Nevertheless, taking action will be beneficial. So, what type of treatment is recommended for lice on stuffed animals? This takes us to the next point.

  • Treating Lice Stuffed Animals

Below is how to get rid of lice on stuffed animals.

One of the most effective ways of ridding stuffed animals of lice dislodged from the scalp is through vacuuming.

Vacuuming does a lot of good as it helps remove lice not only from stuffed animals, but also from upholstered furniture, car seats, and carpets.

Another effective way to rid lice on stuffed animals is by placing them in your dryer, turning the heat high enough.

Stuffed animals should remain in the dryer for about 30 to 45 minutes. This is a much better option than bagging up such toys and keeping them away from kids for 2 to 3 days.

Lice are unable to survive the heat coming from your dryer. Plus, 30 to 45 minutes is sufficient time to eliminate these parasitic insects.

Treatment of Stuffed Animals May Not Be Necessary

Treatment of lice on stuffed animals is simply a precautionary measure. While head lice can return to the scalp after falling off, it rarely occurs because these parasitic insects hardly live for long.

They may be long dead before your kid returns to such toys.

Basically, the absence of the right conditions (warmth and blood) found on the human scalp makes it unfavorable for lice to stay on stuffed animals. Plus, nits dislodged from hair shafts aren’t contagious.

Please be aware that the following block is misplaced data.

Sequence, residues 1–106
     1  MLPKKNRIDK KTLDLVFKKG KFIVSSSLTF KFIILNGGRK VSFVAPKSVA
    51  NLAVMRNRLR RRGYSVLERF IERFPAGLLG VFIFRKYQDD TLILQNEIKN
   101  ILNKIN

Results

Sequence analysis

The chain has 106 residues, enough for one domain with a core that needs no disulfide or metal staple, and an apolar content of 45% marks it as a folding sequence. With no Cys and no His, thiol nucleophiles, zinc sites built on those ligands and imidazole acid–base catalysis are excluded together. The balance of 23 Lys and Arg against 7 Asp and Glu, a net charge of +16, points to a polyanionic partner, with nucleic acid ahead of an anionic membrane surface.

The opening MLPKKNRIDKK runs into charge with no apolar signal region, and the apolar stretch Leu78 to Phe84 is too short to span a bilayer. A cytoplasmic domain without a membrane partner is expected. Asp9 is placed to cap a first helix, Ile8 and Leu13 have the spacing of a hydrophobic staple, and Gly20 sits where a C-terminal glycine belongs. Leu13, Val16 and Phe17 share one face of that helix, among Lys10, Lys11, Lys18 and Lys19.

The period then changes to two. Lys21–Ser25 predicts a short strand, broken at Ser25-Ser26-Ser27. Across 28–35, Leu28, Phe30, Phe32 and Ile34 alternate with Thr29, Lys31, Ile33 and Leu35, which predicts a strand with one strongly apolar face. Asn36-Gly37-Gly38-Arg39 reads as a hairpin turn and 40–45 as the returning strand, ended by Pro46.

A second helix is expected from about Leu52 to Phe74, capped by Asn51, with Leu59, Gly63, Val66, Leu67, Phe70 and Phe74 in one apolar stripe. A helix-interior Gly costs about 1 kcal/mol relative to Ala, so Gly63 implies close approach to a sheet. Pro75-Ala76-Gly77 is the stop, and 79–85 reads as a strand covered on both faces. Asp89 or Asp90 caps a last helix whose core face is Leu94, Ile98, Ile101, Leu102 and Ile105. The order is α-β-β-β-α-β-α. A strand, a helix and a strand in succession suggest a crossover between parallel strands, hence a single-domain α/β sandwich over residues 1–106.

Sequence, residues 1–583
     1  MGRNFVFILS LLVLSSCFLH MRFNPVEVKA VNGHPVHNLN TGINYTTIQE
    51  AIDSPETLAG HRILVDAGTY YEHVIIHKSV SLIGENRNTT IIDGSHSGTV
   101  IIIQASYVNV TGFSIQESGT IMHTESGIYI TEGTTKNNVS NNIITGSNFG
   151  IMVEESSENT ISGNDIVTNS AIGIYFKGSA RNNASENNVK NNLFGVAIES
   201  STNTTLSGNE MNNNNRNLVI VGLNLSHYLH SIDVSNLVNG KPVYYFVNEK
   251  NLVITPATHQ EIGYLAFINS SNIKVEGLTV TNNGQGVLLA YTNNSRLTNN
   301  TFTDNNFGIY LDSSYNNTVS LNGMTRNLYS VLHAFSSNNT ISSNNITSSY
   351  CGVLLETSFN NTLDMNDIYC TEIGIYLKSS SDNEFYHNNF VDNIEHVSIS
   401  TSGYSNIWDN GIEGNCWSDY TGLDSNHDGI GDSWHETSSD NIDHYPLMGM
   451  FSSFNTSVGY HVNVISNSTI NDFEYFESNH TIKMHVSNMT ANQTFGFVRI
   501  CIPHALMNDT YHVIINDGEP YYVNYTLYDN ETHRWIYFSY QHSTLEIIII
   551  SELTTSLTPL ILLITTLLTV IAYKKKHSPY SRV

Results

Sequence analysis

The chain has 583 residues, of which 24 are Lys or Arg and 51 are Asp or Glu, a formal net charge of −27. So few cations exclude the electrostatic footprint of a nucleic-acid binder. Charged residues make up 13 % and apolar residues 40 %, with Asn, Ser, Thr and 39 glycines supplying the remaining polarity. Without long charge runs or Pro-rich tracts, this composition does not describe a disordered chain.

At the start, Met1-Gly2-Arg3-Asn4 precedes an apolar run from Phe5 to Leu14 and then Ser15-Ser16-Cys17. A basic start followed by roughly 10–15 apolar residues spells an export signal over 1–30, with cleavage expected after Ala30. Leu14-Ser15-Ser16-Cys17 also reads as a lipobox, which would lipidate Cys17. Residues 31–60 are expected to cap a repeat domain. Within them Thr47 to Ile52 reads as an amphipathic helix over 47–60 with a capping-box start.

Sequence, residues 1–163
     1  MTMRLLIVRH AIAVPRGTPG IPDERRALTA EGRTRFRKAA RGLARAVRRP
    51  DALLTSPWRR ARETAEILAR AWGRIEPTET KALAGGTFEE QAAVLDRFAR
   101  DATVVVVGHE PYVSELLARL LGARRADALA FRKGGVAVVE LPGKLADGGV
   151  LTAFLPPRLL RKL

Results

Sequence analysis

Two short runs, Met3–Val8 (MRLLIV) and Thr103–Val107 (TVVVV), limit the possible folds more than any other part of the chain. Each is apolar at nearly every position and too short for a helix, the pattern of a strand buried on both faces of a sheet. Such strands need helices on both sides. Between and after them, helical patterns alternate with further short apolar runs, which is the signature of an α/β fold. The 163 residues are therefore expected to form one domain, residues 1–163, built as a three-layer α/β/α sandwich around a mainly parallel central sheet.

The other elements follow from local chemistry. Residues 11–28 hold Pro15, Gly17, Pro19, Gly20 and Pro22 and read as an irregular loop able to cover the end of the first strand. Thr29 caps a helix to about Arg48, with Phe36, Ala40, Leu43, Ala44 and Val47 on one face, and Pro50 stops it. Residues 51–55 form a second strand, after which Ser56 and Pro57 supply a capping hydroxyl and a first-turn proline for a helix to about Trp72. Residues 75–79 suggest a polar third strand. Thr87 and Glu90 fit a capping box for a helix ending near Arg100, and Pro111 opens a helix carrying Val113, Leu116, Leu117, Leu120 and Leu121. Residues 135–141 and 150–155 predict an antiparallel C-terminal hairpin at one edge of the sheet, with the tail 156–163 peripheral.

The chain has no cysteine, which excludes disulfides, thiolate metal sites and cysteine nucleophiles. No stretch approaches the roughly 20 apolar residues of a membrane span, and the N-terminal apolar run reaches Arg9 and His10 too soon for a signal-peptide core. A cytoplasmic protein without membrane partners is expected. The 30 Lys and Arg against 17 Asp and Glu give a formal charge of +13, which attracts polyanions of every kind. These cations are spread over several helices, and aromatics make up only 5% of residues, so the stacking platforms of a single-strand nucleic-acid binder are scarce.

In other words, they are unable to hatch due to the absence of the right conditions.

Nevertheless, it won’t hurt to implement all preventive strategies as discussed above. Without killing off lice on stuffed animals, there’s still a possibility (however little) of lice getting back to your scalp.

Adopting Broad Preventive Strategies

The most comprehensive way to resolve a lice problem is by adopting more reliable treatment actions.

Here, we’re not only focusing on treating stuffed animals but also adopting a wide range of measures. Remember, lice on stuffed animals are one of several possibilities.

As mentioned earlier, these pests could be on carpets, upholstered furniture, bedding, and clothing among others. As such, you’ll also need to worry about getting rid of such.

Luckily, these pests won’t live for long on such items. Still, taking precautionary action is best.

Verminkill provides a guideline for containing lice problems. These are preventive actions that checkmate the spread of lice from one person to another.

Apart from treating stuffed animals, avoid sharing or clothing such as uniforms, scarves, and coats.

Other personal items that shouldn’t be shared include towels, combs, and brushes. These should also be soaked in hot water to destroy nits and kill off lice. Also, avoid lying on beds used by an infected person.

More important is the need to avoid the usage of fumigant fog or sprays on the scalp as they’re toxic.

The life cycle of the head lice is interrupted when it’s off the scalp. Whatever surface it falls on (including stuffed animals), it only lasts less than a day or two.